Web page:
So now we turn to the reading from Luke’s gospel. In this story, Jesus was essentially moving through no-man’s land. He was in the land of the Samaritans, who were the religious enemies of the Jews. While he was on the road he was approached by ten lepers. They kept a respectful distance from Jesus and called out to him, “Jesus, Master, have mercy on us!” (Luke 17:13)

To have made such an approach to one about whom you have heard so much must have been scary to say the least. They cried out, perhaps, with a sense of desperation and fear. In awe of him, they somehow managed to cry out “have mercy on us!” We have heard all about you, Jesus of Nazareth. News about healing and mercy travel quickly in the world of the dispossessed. We have lived for years on the periphery of society as outcasts. We respectfully keep our distance out of fear. Fear that they will kick us further away from society and our lifeline of alms giving. Fear that the religious leaders might throw us out to the wolves. Yes Jesus, we live in a constant state of fear. And frankly, how can the psalmist say that the fear of the Lord is the beginning of wisdom?

Despite their fear, they cried out to the Lord. In that cry, however, they recognized something about Jesus that the religious elite missed. Jesus, Master they cried out, have mercy on us! They called him Master! They recognized his Lordship! Perhaps there was more to their understanding of the fear/reverence/honor the Psalmist shared than we first realize.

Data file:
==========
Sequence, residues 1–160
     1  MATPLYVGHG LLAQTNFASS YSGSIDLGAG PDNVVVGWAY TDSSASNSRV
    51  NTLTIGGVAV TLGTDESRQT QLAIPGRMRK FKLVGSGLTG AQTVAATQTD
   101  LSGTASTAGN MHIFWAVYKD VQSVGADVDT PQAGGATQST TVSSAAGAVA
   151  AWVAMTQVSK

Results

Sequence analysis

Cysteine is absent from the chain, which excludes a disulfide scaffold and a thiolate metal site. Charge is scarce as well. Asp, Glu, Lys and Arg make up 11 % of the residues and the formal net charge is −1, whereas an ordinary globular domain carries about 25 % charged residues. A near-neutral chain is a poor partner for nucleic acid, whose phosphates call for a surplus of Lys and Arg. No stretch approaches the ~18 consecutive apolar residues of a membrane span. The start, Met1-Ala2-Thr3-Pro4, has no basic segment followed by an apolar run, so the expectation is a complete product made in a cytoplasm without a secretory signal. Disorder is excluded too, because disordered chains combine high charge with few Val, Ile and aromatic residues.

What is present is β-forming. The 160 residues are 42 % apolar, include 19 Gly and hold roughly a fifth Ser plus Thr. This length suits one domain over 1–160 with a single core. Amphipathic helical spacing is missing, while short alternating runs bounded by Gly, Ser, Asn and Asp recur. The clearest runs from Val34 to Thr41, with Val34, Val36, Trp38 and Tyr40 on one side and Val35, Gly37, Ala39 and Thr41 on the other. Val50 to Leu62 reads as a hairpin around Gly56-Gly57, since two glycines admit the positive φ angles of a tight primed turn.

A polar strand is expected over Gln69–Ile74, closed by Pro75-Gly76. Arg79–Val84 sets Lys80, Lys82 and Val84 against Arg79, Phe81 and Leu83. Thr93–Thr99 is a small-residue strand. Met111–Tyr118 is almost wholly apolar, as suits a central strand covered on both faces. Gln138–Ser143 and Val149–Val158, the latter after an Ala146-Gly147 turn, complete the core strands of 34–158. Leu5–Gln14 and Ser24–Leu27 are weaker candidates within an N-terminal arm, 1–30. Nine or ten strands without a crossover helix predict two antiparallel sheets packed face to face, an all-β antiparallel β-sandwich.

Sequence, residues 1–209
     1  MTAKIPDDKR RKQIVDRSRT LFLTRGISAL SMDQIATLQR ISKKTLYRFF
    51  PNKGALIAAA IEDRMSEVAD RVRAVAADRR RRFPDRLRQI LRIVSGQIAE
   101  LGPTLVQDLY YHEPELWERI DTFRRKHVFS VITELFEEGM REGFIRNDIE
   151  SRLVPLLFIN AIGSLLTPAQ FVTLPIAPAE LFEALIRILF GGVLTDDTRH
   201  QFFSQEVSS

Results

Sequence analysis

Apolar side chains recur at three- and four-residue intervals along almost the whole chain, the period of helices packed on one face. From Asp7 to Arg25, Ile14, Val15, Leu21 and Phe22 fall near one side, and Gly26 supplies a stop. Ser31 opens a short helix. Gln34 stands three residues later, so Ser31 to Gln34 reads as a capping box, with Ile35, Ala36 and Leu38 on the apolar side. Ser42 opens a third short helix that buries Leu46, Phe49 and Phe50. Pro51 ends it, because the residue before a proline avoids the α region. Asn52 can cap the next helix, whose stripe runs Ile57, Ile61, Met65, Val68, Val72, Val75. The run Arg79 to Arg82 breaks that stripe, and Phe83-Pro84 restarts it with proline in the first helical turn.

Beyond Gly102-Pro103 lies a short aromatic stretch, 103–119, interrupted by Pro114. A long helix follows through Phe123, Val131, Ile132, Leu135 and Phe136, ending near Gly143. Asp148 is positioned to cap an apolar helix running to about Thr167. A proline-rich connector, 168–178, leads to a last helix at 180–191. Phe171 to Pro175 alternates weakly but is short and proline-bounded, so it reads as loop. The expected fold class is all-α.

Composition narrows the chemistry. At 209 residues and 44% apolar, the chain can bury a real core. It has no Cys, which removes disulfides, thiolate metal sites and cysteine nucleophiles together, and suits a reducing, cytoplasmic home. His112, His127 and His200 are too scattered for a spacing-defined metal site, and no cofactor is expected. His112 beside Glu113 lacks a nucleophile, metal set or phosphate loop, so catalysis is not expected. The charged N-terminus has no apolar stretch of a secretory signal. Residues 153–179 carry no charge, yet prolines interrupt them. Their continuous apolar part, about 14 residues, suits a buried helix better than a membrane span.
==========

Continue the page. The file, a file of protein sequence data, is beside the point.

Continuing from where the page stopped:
Jesus heard their cry and gave them specific instructions. Go to the priests and show yourselves to them. In that moment of trust and acceptance, they were healed! The amazing thing about this healing was the fact that there were no strings attached. All that Jesus said to them was to go to the priests. He didn’t say go to the priests and give them money. He didn’t say go to the priests and then come back and pay me. He simply said, go!

That is what makes what happens next so spectacular. The ten go off to show themselves to the priests and at once they are healed. What I find amazing is the fact that one of the ten is a sworn enemy of the Jews. The Samaritan is healed and he disobeys Jesus! He returns to give thanks to Jesus for his healing! For him it wasn’t enough to go to the priest and show that he was healed. He HAD to return to the source of his healing and give thanks.

Isn’t that what grace is really all about? A gift is freely given… no strings attached. The lepers were healed BEFORE they even got to the priests! For each of the ten, healing was complete. Again, they were healed with no strings attached. When the Samaritan returned to Jesus, he fell down in front of him and gave him thanks. Jesus does note that of the ten healed, only one returned to give thanks. But he doesn’t take back the healing from the nine who didn’t return. Instead, he tells the Samaritan to go on his way.

As I let this passage settle in my own heart, I hear something else. Go on your way my friend, your faith has made you well. Go on your way, my friend, and share the good news of what God’s love can do for everyone. Go on your way, my friend, and share the love of God which transforms lives! Go on with God’s love and mine to serve.

How do you live your life, dear reader? Do you simply go on your way confident that the Lord has healed you? Do you say the sinner’s prayer at the altar and leave it at that? Or do you sense the transformative and healing nature of the love of God in Christ Jesus and feel compelled to respond to that love with thanksgiving and love?

The Samaritan realized that it wasn’t about him alone. He returned to the source of his healing and blessing and received a commission to go forth! In his healing and in his thanksgiving, he was truly made whole. Will you join with the Samaritan in living a life of gratitude and thanksgiving?